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Survival in the "Free World"

Los Angeles Task Force Helps Inmates with HIV/AIDS

February 2000

Incarcerated people and people recently released from prison who have HIV/AIDS can get help accessing many community services from the Los Angeles-based HIV Incarcerated Task Force.

The task force is comprised of formerly incarcerated people with HIV/AIDS, representatives from community-based service organizations, academia, and corrections professionals who are concerned with the HIV/AIDS epidemic among incarcerated and formerly incarcerated people.

The Need for Services

According to program director Eddie Ortiz, who himself was an inmate on and off for five years, says it is difficult for people living with HIV/AIDS in prison to receive good health care and to have their special housing and nutrition needs met. Once paroled, people also find it difficult to make smooth transitions and to adjust to living back in society.

According to Ortiz, if an inmate hopes to make it in the free world they must get help finding transitional housing, drug treatment options, job information and health-care referral information.

"If they don't get help with housing and drug treatment, they go right back to their dope connection and eventually back to being incarcerated," says Ortiz.

The Los Angeles HIV Incarcerated Task Force, which is funded by the Office of AIDS Programs and Policy, has been around for about eight years. When the task force started, it identified 52 issues they wanted to address. Today they claim that they have been successful in resolving all but about six of these issues. Most recently, the task force has begun to make significant progress in bringing issues regarding treating and caring for incarcerated and post-incarcerated people with HIV/AIDS to the attention of policy makers.

Among the major accomplishments of the task force is the development of an information and referral hotline service for incarcerated and post-incarcerated people living and being paroled in Los Angeles County. The hotline provides callers with advocacy, information, referrals, resources and training to help them get all the assistance they need to manage living with HIV while in prison; and to help them make a smoother transition back into society once they are released.

Making Improvements

According to Ortiz, the task force was also instrumental in forming an ad hoc committee which evaluated the services in the L.A. County Jail system being offered to inmates with HIV/AIDS.

The committee identified a need for more effective medical care and treatment, HIV/AIDS testing and counseling, and HIV/AIDS education and risk-reduction training within the jail system. The Los Angeles Sheriff's Department Internal Task Force on HIV issues was then formed. As a result, they have made an improvement in the level of care and treatment being received by inmates with HIV/AIDS in the L.A. county jail system.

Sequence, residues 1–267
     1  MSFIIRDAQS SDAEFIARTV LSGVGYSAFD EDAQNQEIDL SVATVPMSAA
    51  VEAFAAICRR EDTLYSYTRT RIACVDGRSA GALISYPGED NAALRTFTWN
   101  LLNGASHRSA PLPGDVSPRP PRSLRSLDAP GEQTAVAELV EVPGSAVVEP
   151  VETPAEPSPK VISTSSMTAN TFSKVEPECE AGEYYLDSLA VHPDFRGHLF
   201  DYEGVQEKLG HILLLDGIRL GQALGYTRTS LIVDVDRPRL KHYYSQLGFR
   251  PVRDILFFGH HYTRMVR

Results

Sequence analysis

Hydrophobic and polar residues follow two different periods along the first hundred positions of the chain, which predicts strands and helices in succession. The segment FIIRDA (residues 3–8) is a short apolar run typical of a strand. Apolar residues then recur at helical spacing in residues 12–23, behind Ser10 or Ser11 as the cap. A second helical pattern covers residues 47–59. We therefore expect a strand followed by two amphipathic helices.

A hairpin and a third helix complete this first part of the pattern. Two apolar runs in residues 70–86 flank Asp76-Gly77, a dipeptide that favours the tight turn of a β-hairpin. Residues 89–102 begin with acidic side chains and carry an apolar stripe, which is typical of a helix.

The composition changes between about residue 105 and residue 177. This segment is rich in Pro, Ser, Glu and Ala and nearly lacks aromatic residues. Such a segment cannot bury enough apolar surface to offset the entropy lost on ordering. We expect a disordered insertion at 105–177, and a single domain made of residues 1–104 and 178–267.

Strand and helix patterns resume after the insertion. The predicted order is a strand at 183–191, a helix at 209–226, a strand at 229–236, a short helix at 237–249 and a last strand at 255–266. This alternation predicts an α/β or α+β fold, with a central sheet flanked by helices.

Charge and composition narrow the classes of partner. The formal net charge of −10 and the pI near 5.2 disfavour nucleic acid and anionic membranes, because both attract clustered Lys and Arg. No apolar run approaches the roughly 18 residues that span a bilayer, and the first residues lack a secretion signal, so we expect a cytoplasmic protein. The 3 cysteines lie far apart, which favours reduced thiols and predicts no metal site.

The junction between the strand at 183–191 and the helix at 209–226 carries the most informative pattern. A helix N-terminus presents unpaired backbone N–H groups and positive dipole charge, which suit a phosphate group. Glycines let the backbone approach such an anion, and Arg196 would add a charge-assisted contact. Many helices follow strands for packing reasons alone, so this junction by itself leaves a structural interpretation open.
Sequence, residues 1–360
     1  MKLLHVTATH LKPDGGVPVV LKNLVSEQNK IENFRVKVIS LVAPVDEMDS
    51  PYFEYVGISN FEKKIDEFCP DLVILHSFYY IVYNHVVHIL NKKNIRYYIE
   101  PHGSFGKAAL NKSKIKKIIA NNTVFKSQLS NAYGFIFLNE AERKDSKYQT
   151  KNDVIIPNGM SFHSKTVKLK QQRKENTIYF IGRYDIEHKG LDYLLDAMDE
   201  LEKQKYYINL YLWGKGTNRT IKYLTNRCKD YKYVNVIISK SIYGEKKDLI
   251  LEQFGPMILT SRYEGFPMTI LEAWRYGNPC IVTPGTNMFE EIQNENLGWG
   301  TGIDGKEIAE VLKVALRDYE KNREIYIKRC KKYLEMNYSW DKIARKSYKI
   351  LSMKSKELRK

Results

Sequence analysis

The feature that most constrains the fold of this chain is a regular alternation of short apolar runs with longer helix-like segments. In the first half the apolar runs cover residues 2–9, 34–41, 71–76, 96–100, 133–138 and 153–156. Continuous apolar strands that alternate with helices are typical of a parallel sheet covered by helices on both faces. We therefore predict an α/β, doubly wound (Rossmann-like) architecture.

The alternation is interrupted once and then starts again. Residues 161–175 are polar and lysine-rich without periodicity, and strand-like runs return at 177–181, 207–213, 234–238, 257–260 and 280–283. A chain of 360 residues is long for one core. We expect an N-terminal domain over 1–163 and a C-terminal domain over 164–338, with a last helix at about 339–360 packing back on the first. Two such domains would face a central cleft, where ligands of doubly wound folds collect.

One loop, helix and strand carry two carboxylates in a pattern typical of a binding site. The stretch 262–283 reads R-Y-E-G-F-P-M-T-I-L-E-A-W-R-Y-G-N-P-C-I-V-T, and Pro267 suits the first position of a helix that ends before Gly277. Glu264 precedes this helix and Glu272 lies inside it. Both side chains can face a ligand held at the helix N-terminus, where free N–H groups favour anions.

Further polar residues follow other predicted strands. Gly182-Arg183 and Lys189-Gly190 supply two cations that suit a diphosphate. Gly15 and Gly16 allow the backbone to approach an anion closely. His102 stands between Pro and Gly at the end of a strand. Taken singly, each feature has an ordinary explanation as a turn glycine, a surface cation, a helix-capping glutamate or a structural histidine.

The task force has also developed an annual Red Cross training for inmates in the California Institution for Men-East Facility (CIM-East) in Chino, Calif. The training teaches inmates about HIV and alternative therapies, how to file for SSI and unemployment, and how to find traditional housing. They also conduct job interview training. The task force hopes to supplement this training with additional pre-release training this year.

Issues Still at Hand

Some areas on which the task force is still working include getting a quarterly newsletter called "Inside and Out" approved for distribution by case managers in the jails and prisons. The newsletter features success stories from inmates who have made the transition to the outside world, articles on housing, drug treatment options and information on health and nutrition.

The task force also recognizes the importance of condom availability. Services such as a brochure about safe sex and HIV testing, along with condoms, could cut down on the HIV transmission that occurs in prisons. The idea of condom distribution has met resistance from Sheriff's Department officials because they fear condom availability would be promoting sex in prison.

Separate nutrition and medical programs as well as separate housing for inmates with HIV/AIDS are among the issues still being addressed by the task force.

A Transition for the Task Force

In an effort to be closer and more accessible to the people they serve, the task force recently moved to AIDS Project Los Angeles in Hollywood. The office is located in Room 117, on the first floor next to the Medical Transportation office and near the Necessities of Life Program.

Since its move to APLA, Eddie Ortiz reports that calls to the hotline have increased. He also expects better attendance at the support groups he has organized.

For more information about the HIV Incarcerated Task Force and its services, call the hotline toll-free at (888) 372-0888, or (323) 856-0118 and (323) 856-0120.

This article has been reprinted at The Body with the permission of AIDS Project Los Angeles (APLA).

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This article was provided by AIDS Project Los Angeles. It is a part of the publication Positive Living.
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